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How to Make the Shift to Customer-Centric Marketing
A road map for the evolution your company will experience.
Posted Dec 1, 2005
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There has been a lot of talk about multichannel marketers moving from product- and campaign-centric models to focus more on their customer relationships. And yes, the interest is definitely there as consumer resistance to intrusive marketing has risen while the long-term payoffs of a valued customer experience have become increasingly clear. But this is a dramatic change, and like all such moves, must start with clear, achievable first steps. First of all, shifting to customer-centric marketing will not work if your approach is too radically different from what is happening today. People find it difficult to adopt wholesale changes to anything--and marketing is no exception. So the process must be gradual as well as logical. There is a basic road map for how this should work. At the highest level, the evolution that your company must go through looks like this: First, you must understand what your customer base looks like and how it breaks down in terms of value and potential value. Then you can begin to align your marketing investments--starting with the direct marketing budget and then examining where you might shift budget from mass media to direct media. Having a customer-centric strategy requires that you focus more effort on direct, 1-to-1 messaging and less on untargeted, mass media messaging. Mass media marketing is impossible to differentiate from customer-to-customer and thus prevents you from varying your investment at a customer level. Once you have the information you need to determine which customers deserve more focus and which deserve less, you need to develop a messaging strategy that will keep customers loyal and shopping with you. Since we can't really develop a contact strategy for each and every customer, we need to develop contact strategies for the various customer segments we have in our marketing database. Initially, most companies developing a segmented marketing approach use a combination of value-based segmentation and customer lifecycle segmentation. We use a standard segmentation approach called MVP (marketing to value and potential), which contains the following segments:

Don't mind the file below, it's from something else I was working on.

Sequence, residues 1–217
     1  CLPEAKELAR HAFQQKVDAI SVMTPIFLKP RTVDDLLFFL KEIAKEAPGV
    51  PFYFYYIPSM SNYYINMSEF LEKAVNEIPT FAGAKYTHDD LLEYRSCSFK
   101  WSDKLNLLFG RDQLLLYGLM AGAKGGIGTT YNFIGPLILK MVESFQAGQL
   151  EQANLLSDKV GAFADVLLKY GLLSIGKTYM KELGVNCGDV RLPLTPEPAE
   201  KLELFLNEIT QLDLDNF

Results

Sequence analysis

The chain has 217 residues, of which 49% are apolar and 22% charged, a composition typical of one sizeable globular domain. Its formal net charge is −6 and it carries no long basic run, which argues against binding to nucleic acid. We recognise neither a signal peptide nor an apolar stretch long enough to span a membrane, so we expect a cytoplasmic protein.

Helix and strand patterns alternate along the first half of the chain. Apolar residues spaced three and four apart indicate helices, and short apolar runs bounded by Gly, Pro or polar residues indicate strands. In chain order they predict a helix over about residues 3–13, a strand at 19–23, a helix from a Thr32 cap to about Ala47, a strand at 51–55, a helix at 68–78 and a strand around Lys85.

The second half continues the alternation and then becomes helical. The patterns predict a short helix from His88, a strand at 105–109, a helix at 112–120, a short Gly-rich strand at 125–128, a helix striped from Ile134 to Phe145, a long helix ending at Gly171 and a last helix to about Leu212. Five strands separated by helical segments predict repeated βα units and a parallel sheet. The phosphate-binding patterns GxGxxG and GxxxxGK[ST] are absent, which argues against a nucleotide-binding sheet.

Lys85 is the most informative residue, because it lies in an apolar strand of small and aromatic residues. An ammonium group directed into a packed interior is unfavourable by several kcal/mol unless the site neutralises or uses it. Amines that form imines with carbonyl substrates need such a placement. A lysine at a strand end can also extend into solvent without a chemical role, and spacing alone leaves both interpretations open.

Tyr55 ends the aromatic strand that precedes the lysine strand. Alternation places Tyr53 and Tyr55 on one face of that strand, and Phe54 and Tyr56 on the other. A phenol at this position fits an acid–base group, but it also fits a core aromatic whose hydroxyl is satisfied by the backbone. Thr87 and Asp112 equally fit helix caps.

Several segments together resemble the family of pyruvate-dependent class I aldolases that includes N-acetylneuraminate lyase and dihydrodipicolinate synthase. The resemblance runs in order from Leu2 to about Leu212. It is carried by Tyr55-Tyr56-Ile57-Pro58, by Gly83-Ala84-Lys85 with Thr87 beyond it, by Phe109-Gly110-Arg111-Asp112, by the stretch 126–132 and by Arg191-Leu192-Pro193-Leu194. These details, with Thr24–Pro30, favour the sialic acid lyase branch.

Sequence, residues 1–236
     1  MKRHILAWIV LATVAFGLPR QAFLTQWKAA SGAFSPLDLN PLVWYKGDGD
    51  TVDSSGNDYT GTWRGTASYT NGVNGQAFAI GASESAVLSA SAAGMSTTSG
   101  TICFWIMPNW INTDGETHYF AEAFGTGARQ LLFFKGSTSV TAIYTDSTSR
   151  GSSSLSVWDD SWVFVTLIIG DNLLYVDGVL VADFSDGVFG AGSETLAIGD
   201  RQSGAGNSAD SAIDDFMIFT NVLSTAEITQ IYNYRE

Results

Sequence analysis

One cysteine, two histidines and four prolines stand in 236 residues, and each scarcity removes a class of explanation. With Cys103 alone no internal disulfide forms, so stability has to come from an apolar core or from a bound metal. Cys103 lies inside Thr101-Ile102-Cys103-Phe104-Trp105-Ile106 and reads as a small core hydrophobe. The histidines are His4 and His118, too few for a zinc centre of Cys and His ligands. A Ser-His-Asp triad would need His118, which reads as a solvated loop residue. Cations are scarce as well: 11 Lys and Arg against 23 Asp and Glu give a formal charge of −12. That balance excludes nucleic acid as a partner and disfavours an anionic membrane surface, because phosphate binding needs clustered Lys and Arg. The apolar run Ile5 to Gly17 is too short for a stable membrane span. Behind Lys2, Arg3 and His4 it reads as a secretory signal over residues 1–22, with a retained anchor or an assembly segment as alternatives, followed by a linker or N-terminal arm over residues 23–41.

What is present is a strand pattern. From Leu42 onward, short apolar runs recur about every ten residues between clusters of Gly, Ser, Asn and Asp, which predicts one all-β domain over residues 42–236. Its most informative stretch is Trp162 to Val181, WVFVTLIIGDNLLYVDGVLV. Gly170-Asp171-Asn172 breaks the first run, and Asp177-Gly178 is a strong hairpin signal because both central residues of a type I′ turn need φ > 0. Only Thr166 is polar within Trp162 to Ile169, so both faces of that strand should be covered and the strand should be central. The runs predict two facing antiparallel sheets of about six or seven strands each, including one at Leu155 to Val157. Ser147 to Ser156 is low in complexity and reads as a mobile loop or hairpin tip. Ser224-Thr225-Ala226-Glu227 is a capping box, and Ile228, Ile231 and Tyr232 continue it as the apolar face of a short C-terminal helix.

• High Value
  • Medium Value
  • Low Value
  • New
  • Lapsed
    As you can see, these segments are a combination of customer value (High, Medium, Low) and life cycle (New, Lapsed). The customers in each of these groups should receive different frequencies of contact, as well as different messages. Each segment needs to have its own contact strategy and plan. The segmented contact strategies should include the following things:
  • Basic marketing objective (e.g., retain, upsell, migrate, reactivate)
  • 12-month financial opportunity (e.g., for High Value customers, retaining an additional 10 percent of this segment will yield $XXX,XXX in revenue)
  • Segment "theme" (e.g., for New customers, "Welcome and here is a special offer for you.")
  • Direct mail plan
  • Email plan
  • Customer Service plan (hint: Customer Service should know which segment customers are in--especially High Value customers) Developing contact strategies by segment is a great first step in developing a customer-centric marketing approach, leading the way for more advanced techniques like real time, trigger-based personalization of offers. Many companies have a limited ability to do real time personalization on their Web site (modifying the Web pages people see based on what they are currently looking at online). But a new capability of combining historical customer behavior from all channels with real-time customer behavior at the Web site or call center is where things are heading. And when we get there, we will have achieved true 1-to-1 marketing. Developing a road map to become more customer centric, the process should look something like this: Throughout the process, it is important to educate and inform all relevant parts of the organization about what is happening. True customer-centric marketing involves all parts of the organization that touch the customer--not just outbound marketing. The insights you get from analyzing and segmenting the customer base should be shared with the e-commerce, customer service, and store management teams. They should also be aware of the outbound marketing programs, and which customers are getting which messages. Synchronizing these messages and offers will play a critical role in convincing customers that you are focused on them and concerned about them. One final thought: This will take time. One multichannel retail client has accomplished the development of a marketing database to segmented contact strategies in just about 14 months, which is quite fast. It is critical to recognize that this effort requires both patience and persistence--and it might require some outside assistance from an expert. About the Author Andy Cutler is chief strategy officer at BeNOW (an Equifax company), a strategic database marketing-services provider. Please visit BeNOW. Andy Cutler can be reached at 781-876-2090 or at Andy.Cutler@benow.com
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